Saturday, December 8, 2018

Downshifting: BUMBLEBEE

I can't blame Paramount for wanting to scale back and rethink their fading Transformers franchise. After five films from Michael Bay, the movies were inextricable from his auteur personality, for better and worse. Since his agreeably bombastic boy-and-his-car 2007 kickoff, they reliably served up colossal mountains of Bayhem, some of the most spectacular and sensational (quite literally) Hollywood can concoct, but in the service of a tangled nonsense mythology that got harder to parse by the minute. (Not to mention the whiplash plotting, tone-deaf gags, and self-conscious leering that oozed into the worst entries.) In fact, Bay's films became so convoluted in their world-building that I can't honestly tell you if the newest entry, a 1980s-set feature entirely focused on the scrappy yellow Bumblebee, is a prequel, retcon, or (in the immortal words of one David S. Pumpkins) its own thang. Regardless, the robots are part of it, and the opening warfare on planet Cybertron makes clear you're going to have to care about it in order to care about the narrative thrust of the movie that sends a wounded Bumblebee to hide from Decepticons on planet Earth while waiting for his Autobot pals to rescue him. It's familiar territory, but done in a smaller and (slightly) quieter style with director Travis Knight (Laika founder and Kubo and the Two Strings helmer) and screenwriter Christina Hodson out to make it a blatant character-based throwback. That the bulk of the movie is taken up by the cute yellow Transformer voiceless and hiding as a VW bug in the garage of a sad teen mechanic (Hailee Steinfeld) is just evidence this brand of Transformers movie is softer and cuddlier than the clattering junkpiles Bay enjoyed so much. Sure, one or two humans may get liquified and a couple robots are speared and dismembered, but this is trying its hardest to be consistently human-scale, even as its pro-forma plot devices and emotional tricks have only synthetic heart.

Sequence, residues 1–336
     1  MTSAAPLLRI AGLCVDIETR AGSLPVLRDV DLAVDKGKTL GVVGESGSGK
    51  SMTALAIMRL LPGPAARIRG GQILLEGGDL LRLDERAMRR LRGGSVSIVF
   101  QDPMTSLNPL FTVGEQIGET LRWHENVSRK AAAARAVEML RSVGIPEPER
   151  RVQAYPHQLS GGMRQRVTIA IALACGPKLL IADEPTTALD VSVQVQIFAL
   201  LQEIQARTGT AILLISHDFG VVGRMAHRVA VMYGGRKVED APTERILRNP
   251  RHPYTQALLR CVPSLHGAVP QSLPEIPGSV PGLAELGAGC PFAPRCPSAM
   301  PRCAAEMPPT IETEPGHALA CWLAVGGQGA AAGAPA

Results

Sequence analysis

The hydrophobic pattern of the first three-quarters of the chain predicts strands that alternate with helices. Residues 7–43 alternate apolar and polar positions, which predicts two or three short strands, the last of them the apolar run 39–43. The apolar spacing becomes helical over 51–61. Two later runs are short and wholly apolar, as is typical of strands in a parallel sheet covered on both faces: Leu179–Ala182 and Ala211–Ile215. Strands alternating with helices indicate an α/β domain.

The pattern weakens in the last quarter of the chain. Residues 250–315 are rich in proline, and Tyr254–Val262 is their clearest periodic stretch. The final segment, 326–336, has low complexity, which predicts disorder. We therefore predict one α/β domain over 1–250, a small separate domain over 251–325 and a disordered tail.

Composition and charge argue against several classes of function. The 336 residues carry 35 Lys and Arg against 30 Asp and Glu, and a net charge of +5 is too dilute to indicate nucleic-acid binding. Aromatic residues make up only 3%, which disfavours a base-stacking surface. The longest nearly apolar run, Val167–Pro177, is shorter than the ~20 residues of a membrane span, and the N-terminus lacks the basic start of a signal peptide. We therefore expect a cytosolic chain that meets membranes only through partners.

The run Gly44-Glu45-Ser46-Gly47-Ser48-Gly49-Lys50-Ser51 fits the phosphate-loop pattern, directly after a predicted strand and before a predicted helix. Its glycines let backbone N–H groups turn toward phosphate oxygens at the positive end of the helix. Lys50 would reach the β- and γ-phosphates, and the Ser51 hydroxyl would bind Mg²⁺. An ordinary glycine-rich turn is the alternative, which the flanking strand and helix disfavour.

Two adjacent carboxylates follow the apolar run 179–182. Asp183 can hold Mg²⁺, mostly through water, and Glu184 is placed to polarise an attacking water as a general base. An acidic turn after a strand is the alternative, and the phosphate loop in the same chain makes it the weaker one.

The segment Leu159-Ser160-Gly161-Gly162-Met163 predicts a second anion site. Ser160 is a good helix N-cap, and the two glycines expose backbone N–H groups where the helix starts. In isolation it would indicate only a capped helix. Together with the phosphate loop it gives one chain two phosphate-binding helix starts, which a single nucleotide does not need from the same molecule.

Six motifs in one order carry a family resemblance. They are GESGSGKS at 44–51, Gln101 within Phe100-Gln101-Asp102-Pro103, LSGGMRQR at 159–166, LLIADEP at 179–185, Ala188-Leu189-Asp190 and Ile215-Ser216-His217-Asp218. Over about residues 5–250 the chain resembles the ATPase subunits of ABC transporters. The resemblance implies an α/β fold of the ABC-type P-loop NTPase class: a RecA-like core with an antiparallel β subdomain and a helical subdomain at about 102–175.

It's not just tone and scale that've been brought down to size for Bumblebee. The design of the robot is rounded and playful, more toy-like in its conception, and with a crisp-lines, simple-movements appeal of a Saturday morning cartoon. He's discovered by the teen as she's dealing with a big emotional trauma -- the sudden death of her beloved father in the recent past, and now her mother (Pamela Adlon) has been seeing a dopey, well-meaning new boyfriend (Stephen Schneider). Now, wouldn't you know it, the young woman and the little Transformer who could just might bond and help each other heal and grow. They might even save the world while they're at it. That's the idea, anyway, as this movie, borrowing heavily from E.T. and The Iron Giant, albeit without the convincing alien character work, creates an agonizingly predictable hiding-the-robot and learning-his-secrets teen dramedy cross-cut with a soldier (John Cena) and a scientist (John Ortiz) hot on the space invader's trail. It's anchored by Steinfeld, as winning as ever, whose charming screen presence can only sell so much of this nonsense. She's as good as in True Grit or Edge of Seventeen, but the material lets her down. It's as technically slick as anything the studios can pay for -- the craftspeople are doing their best -- but there's no there there stylistically. The comedy is flat, the drama is underwritten cliche, and the incessant oldies soundtrack tries its best to gin up nostalgic goodwill (the Guardians of the Galaxy trick for injecting personality in scenes that otherwise wouldn't play as well). It's full of likable character actors allowed a modicum of enjoyable moments -- I particularly liked Cena questioning his commander's trust in an evil robot by pointing out that they call themselves the Decepticons -- but the movie so obviously clunks its way through obvious beats and schematic development, ending at the same fireworks factory these things always do with half the resources and even less to impress. Say what you will about the Bays, but at least they were, at their worst, interestingly bad.

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